If you default on your mortgage, and you or your lender eventually sell the property for less than you owe on it in a short sale or a foreclosure auction, your lender may either go after you for the difference (called the deficiency) or forgive the debt. (In some states the lender is unable to sue you for the deficiency). If your lender forgives the debt, you may be asked to pay income tax on the amount of the forgiven debt. The theory is that you are receiving a gift of this amount, because you don’t have to pay it back.
The IRS learns of the forgiven deficiency when it receives an IRS Form 1099C from your lender. This is a form on which a creditor reports to the IRS as income the amount of a loan that they no longer expect to be repaid—such as in a short sale or foreclosure.
Whether or not you’ll owe income tax on the amount of a forgiven deficiency depends on your circumstances. Here are the basic rules.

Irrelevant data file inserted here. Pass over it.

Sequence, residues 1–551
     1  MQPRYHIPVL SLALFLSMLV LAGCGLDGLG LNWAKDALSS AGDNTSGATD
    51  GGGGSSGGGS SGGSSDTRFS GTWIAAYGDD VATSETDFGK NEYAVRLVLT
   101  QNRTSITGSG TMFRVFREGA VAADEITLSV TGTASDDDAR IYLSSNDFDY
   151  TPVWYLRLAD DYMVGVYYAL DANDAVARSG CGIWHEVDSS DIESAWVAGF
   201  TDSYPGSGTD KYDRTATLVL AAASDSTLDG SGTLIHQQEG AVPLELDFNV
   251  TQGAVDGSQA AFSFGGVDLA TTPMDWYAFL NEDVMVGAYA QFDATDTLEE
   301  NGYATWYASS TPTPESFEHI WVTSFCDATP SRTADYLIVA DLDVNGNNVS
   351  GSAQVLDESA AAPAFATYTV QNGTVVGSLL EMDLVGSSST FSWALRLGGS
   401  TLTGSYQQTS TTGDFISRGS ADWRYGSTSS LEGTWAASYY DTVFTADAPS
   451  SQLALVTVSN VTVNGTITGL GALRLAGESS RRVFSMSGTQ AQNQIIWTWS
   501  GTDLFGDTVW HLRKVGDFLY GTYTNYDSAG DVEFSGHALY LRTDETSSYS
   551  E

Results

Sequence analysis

If you do face income tax liability on cancelled mortgage debt, you have two possible ways of getting out from having to pay it: the insolvency exclusion and bankruptcy.
To use the insolvency exclusion, you’ll have to prove to the satisfaction of the IRS that your liabilities exceeded the value of your assets at the time your debt was cancelled. Cancelled debt is not included in income to the extent you were insolvent.
Filing for bankruptcy will help you avoid income tax liability for cancelled debt because debt wiped out (discharged) in bankruptcy is not considered taxable income. You will have to file for bankruptcy before your debt is cancelled. And, of course, you’ll want to file for bankruptcy only if it otherwise makes sense for you.
For more detailed information on how the IRS treats cancelled debts due to a foreclosure or short sale, see the IRS’s website page on The Mortgage Forgiveness Debt Relief Act and Debt Cancellation and IRS Publication 4681, Canceled Debts, Foreclosures, Repossessions, and Abandonments.